Every patient wants the best care available, and with almost 40% of Americans now covered by a high deductible health plan, many are also concerned with finding the best value for the money they spend at their doctor’s office.
Unfortunately, data suggest that it can be tough for most of us to know whether we are getting quality care at a reasonable price. In fact, we might not even be getting the care we need at all. According to a study in The New England Journal of Medicine, only 55% of patients receive the care recommended for their condition or disease.
So, how can a person increase their chances of getting the health care they need? One way is to go to a doctor who is highly rated for the care they provide. Rating systems for physicians have proliferated in recent years, with the internet full of sites designed to give patients a better idea of how well their doctor practices.
However, like doctors, not all rating systems are created equal. Some lack clinically relevant criteria for determining the quality of doctors, and a few have even been criticized for causing health care providers to try to boost their ratings by delivering too much care as a way to keep patients happy.
In a survey of physicians, almost half believed that pressure to obtain better scores on some ratings systems encouraged excessive or inappropriate care, including unnecessary drug prescriptions, blood tests and even hospital admissions.
But not all rating systems necessarily encourage doctors to provide too much care. In fact, some include a component that rewards physicians for providing efficient treatment. One such system is the UnitedHealth Premium designation, which recognizes doctors for providing evidence-based, cost efficient care.
Administered by UnitedHealthcare®, the rating system uses nationally recognized criteria to assess a doctor’s performance and then publishes a ratings designation that is easy for patients to understand. For example, if a physician meets the Premium criteria for providing both quality and cost-efficient care, the doctor is designated as a Premium Care Physician. Physicians who meet Premium’s criteria for providing quality care but not efficiency criteria are designated Quality Care Physicians.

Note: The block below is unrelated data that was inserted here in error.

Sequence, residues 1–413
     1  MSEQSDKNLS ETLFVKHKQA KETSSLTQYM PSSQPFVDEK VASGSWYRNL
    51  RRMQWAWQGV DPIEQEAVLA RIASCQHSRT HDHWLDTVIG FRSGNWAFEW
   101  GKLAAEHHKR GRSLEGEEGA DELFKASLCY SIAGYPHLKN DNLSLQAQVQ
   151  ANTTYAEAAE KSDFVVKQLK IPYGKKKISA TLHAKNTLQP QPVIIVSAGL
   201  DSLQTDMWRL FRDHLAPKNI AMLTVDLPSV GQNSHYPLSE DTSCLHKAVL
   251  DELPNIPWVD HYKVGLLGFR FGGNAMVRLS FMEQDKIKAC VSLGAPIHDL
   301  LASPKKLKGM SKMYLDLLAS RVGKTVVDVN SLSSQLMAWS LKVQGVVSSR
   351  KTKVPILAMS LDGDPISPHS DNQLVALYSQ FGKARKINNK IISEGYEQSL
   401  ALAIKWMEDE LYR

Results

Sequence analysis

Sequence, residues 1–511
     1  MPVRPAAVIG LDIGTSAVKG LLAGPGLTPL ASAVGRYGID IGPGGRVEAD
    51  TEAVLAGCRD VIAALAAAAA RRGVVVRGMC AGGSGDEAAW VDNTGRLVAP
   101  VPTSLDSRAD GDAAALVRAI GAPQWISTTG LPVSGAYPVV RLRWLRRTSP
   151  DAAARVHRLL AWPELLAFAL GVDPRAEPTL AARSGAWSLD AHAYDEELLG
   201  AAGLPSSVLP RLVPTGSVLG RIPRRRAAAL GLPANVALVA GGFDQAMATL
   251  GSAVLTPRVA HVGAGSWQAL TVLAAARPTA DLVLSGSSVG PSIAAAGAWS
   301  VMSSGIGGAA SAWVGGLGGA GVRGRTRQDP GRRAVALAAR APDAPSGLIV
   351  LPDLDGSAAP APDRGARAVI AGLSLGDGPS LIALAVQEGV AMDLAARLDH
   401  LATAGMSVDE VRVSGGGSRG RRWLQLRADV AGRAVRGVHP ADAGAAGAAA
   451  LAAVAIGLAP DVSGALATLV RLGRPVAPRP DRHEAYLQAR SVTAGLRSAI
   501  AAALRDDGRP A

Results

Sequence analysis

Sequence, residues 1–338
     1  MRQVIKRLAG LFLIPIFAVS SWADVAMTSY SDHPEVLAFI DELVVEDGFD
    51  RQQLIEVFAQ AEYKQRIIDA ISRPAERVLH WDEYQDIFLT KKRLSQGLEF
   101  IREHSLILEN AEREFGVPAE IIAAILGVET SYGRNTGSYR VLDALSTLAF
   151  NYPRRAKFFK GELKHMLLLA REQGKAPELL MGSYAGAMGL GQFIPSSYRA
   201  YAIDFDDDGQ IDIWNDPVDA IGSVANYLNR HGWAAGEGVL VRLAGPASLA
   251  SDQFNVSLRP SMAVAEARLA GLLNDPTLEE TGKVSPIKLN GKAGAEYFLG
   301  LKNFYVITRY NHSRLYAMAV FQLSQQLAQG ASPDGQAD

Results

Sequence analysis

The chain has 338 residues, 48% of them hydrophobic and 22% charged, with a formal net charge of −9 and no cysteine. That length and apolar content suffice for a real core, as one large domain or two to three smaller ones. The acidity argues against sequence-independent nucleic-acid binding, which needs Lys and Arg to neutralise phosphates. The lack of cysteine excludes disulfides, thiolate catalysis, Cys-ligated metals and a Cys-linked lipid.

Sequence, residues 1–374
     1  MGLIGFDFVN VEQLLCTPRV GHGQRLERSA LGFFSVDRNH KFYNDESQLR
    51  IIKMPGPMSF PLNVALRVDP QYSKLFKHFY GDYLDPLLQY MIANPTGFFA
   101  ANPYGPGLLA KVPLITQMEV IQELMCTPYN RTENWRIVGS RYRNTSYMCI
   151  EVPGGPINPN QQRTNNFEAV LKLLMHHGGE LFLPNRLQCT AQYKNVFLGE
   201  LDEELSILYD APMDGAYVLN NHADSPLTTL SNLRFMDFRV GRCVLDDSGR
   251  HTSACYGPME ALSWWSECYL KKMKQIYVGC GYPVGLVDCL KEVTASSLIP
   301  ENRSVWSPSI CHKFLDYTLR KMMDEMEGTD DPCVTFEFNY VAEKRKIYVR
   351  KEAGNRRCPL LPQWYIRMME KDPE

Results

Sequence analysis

The system is one of the longest running physician measurement programs that evaluates physicians on benchmarks for quality and cost-efficiency, and includes ratings for primary care physicians and doctors practicing in 16 different medical specialties.
Data suggests that the UnitedHealth Premium program is associated with lower complication rates. For example, in a 2017 analysis of commercial claims, patients who saw a Premium Care Physician specialist for a heart stent placement had a 10 percent lower complication rate and were 16 percent less likely to have to redo their procedure. Those who saw a Premium Care Physician specialist for a knee replacement were 15 percent less likely to suffer from complications and 38 percent less likely to have their procedure redone.
Doctors designated as Premium Care Physician may also save money. In all 16 Premium specialties evaluated as part of the UnitedHealth Premium program, patients who saw Premium Care Physicians cost 17 percent less than those who saw non-Premium Care Physicians.
Overall, the data suggests that if patients choose a physician based on a clinically relevant ratings system like the UnitedHealth Premium designation, they may choose providers who provide care with fewer complications at a lower price. That’s good news for patients who are looking for the care they need at a price they can afford and with the evidence-based medicine they deserve.
To learn more about UnitedHealthcare’s Premium Program or to find a doctor with a Premium designation, go here.